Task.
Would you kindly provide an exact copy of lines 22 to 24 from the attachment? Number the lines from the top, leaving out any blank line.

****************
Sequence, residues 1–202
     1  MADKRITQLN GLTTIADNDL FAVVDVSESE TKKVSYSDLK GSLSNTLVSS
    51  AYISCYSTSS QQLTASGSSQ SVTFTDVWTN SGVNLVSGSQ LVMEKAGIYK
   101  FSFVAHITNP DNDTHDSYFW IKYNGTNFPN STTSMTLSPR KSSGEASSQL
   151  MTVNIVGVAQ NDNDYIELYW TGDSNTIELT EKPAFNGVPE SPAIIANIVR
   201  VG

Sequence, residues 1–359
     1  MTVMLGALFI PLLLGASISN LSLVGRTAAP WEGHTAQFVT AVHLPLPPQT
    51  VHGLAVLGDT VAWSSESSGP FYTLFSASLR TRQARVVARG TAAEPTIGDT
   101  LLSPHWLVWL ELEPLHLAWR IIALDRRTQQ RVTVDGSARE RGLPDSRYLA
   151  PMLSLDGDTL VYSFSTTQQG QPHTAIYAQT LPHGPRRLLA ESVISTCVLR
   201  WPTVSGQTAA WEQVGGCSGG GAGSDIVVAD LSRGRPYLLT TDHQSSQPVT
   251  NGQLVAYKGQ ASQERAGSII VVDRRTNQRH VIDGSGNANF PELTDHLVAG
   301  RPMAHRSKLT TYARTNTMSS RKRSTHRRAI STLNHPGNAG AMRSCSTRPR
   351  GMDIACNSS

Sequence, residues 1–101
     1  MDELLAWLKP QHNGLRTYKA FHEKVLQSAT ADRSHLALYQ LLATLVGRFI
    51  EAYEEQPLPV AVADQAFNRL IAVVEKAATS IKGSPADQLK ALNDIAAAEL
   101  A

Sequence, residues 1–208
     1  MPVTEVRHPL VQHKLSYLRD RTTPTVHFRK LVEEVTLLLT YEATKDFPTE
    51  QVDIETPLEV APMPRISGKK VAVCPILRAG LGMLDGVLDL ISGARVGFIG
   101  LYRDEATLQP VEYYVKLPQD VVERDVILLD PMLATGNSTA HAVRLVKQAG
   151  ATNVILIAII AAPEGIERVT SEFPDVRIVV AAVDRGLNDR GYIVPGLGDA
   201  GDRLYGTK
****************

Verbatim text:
    51  QVDIETPLEV APMPRISGKK VAVCPILRAG LGMLDGVLDL ISGARVGFIG
   101  LYRDEATLQP VEYYVKLPQD VVERDVILLD PMLATGNSTA HAVRLVKQAG
   151  ATNVILIAII AAPEGIERVT SEFPDVRIVV AAVDRGLNDR GYIVPGLGDA